Two-thirds of Americans favor an end to the decades-long U.S. trade embargo on Cuba, a January Pew Research Center study found, and the two nations reportedly are making progress on re-establishing diplomatic relations. As the communist government continues to slowly reform Cuba’s economy, American businesses – from airlines to law firms – are exploring commercial opportunities on the island nation. But even if the embargo were to be lifted, it’s not clear just what sort of Cuban economy those businesses would find.
Getting a handle on even basic information about Cuba’s economy is difficult, for a number of reasons. The government still dominates economic activity on the island, both directly and through heavily subsidized state-owned enterprises. National statistics are not always complete or reliable. And Cuba’s system of two parallel currencies – one peso for everyday transactions among ordinary Cubans, and a “convertible peso” for the tourism industry, foreign trade and the private sector – combined with multiple exchange rates complicates any international comparisons or discussions about the relative size of different parts of the economy.
According to a survey conducted in March and published in The Washington Post, 79% of Cubans said they were dissatisfied with the country’s economic system; 70% said they wanted to start their own business. Nearly two-thirds of Cubans (64%) said normalizing relations with the U.S. would change the economic system, though only 37% thought the political system would change.
With so much change in the air, we decided to work our way as best we could through the data difficulties to put together a primer on what we know, and don’t know, about the Cuban economy.
1Despite the embargo, the U.S. does do business with Cuba. Last year, according to the Census Bureau, the U.S. exported nearly $300 million worth of products to Cuba; nearly all (96.2%) of that was in the form of meat and poultry, soybeans, corn, animal feed and other foodstuffs. The exports are permitted under a 2000 law that modified, but did not repeal, the U.S. embargo; under it, Cuba can buy certain agricultural products, medicines and medical devices from the U.S., but must pay in cash.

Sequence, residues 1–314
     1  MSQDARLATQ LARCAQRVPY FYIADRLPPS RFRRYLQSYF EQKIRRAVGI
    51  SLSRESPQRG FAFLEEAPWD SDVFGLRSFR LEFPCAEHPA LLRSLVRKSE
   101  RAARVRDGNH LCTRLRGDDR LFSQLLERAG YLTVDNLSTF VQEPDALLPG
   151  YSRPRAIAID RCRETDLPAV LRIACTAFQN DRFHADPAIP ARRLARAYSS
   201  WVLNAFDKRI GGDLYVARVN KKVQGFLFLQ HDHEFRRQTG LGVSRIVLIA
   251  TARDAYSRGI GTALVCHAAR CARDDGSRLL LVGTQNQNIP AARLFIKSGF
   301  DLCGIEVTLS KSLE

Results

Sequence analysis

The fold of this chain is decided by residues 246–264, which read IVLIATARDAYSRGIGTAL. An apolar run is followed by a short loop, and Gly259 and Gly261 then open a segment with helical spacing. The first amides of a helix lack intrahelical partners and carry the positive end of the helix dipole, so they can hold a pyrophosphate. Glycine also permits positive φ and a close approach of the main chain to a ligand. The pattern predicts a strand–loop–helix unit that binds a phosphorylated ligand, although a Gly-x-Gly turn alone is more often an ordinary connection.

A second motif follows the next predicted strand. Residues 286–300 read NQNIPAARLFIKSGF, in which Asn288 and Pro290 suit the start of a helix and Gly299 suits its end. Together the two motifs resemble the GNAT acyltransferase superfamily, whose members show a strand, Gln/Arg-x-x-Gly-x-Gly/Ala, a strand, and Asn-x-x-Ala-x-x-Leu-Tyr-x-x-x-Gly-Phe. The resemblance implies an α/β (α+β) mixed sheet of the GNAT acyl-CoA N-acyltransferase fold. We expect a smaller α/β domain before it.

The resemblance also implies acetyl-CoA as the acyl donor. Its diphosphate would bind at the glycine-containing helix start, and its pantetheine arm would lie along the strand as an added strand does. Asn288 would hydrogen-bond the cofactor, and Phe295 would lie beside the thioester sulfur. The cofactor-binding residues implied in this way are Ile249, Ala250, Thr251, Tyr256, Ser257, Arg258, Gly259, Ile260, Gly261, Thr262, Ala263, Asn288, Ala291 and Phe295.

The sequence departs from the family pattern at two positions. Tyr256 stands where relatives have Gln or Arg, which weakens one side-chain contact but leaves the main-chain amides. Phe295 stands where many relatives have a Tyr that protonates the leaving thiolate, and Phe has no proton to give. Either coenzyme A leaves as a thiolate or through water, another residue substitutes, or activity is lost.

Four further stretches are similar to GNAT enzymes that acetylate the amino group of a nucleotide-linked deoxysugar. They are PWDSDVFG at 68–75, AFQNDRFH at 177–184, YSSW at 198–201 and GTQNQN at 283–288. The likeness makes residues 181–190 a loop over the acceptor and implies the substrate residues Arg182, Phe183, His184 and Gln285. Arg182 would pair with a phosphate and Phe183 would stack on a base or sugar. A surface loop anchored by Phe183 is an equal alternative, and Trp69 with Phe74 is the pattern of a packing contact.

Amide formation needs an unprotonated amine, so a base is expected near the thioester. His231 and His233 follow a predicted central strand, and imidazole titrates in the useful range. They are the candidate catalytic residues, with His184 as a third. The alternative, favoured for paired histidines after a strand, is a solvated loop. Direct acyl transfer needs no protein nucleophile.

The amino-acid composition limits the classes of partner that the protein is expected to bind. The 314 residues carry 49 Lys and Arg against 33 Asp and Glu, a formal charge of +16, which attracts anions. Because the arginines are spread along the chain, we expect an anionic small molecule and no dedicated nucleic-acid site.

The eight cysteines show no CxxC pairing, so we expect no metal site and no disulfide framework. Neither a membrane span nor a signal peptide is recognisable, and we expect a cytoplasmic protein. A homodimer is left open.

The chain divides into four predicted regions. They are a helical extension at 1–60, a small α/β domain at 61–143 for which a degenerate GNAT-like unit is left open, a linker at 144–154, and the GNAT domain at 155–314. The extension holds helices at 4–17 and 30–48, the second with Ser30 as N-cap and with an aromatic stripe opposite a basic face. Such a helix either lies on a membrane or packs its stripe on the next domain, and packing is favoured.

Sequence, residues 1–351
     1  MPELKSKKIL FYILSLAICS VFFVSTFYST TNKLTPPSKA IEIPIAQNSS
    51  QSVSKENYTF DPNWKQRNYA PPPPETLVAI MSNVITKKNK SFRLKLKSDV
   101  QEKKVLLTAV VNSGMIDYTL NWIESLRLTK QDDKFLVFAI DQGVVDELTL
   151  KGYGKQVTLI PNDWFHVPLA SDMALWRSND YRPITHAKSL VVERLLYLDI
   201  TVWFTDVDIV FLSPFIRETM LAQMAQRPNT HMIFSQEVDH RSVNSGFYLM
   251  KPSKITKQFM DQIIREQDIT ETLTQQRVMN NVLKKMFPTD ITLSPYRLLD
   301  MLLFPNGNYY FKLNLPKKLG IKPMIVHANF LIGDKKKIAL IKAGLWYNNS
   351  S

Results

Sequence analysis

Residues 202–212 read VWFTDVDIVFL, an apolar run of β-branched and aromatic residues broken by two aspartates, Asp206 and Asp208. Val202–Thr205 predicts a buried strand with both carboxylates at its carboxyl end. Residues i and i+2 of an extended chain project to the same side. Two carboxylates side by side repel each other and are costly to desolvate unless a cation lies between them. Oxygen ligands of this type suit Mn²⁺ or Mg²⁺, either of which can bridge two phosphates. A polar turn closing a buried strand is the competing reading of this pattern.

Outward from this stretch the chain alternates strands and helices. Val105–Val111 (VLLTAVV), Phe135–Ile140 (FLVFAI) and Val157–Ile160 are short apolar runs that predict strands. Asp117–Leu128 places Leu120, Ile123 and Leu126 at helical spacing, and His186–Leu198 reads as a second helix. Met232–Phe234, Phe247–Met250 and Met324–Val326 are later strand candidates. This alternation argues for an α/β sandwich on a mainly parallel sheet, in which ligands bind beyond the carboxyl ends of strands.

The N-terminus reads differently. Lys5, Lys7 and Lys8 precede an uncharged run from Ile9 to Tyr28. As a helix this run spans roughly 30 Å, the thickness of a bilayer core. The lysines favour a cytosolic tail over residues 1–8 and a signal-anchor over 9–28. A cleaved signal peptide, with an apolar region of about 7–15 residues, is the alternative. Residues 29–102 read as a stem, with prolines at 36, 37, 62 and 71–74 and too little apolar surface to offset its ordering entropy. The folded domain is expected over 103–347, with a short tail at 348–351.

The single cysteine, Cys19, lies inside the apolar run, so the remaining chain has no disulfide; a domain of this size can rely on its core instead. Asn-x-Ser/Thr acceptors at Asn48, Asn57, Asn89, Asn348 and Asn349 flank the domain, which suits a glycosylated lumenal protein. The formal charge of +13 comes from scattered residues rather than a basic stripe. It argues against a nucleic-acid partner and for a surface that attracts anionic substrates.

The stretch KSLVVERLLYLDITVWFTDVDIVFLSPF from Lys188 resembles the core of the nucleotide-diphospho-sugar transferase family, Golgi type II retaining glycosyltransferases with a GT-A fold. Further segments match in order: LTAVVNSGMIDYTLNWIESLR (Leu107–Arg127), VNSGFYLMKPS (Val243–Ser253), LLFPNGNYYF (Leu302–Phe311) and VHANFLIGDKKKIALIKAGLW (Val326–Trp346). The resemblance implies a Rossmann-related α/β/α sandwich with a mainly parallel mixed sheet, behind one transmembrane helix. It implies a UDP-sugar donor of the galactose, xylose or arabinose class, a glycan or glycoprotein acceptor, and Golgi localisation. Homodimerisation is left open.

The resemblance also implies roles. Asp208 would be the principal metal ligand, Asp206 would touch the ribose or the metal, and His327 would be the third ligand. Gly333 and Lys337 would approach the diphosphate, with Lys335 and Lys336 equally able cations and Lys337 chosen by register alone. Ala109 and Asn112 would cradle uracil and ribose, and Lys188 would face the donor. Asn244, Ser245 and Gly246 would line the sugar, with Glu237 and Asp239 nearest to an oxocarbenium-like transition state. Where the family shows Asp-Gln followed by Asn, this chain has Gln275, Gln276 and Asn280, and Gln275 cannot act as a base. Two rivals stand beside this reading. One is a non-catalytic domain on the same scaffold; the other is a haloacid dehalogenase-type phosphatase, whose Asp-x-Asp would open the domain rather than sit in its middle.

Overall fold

2Growth has slowed sharply in recent years. According to Cuba’s national statistical agency, the country’s gross domestic product in 2013 was 77.2 billion pesos – which, depending on which exchange rate one uses, could equate to anything from $77.2 billion (at the official rate of 1 convertible peso to $1) to $3.2 billion (at the internal rate of 24 regular pesos to 1 convertible peso). But either way, growth has slowed dramatically from the mid-2000s: The CIA estimates that Cuba’s GDP grew just 1.3% last year in real (inflation-adjusted) terms – 177th out of 222 countries ranked. One big reason: With global oil prices still well below their pre-recession highs, the heavily discounted oil that Venezuela sends Cuba – some of which Cuba re-exports – is less valuable.
3Despite economic reforms, the state still dominates. In a paper published last year by the Association for the Study of the Cuban Economy, former International Monetary Fund economist Ernesto Hernandez-Cata estimated that Cuba’s private and cooperative sector generated 25.3% of GDP in 2012, compared with just 5% in 1989. But the government, both directly and through state-owned enterprises, was still the source of more than three-quarters of Cuba’s economic activity. Government investment represented just 9.1% of GDP in 2012, versus 14.2% in 1989, which Hernandez-Cata said “reveals one of the most disturbing aspects of Cuba’s recent economic history: the weakness of capital formation.” (Official government figures put economy-wide fixed capital investment, from all sources, at 8.3% of GDP in 2013, considered low by international standards.)
4More Cubans are working for themselves. In 2013, according to state figures, more than 424,000 Cubans (8.6% of all workers) were classified as self-employed; as recently as 2009, fewer than 144,000 Cubans (2.8%) were.
The “microenterprise” sector may be even bigger due to the hiring of unregistered full- and part-time workers. Ted Henken and Archibald Ritter, researchers at Baruch College and Carleton University, respectively, estimate that as many as half of small enterprises employ at least one unregistered worker.
5Cuba mostly imports goods and exports services. Getting a clear read on Cuban trade is especially tricky, not least because exports and imports are effectively valued using different exchange rates. As The Economist recently explained, state-owned firms and foreign joint ventures value each ordinary peso at one convertible peso – that is, at $1: “The massively overvalued rate … creates huge distortions in the economy, allowing importers to buy a dollar’s-worth of goods for one peso.” While most of Cuba’s exports are in the form of services (such as doctors and teacher working overseas), nearly all of its imports are goods (petroleum, foodstuffs, machinery and equipment, and chemicals).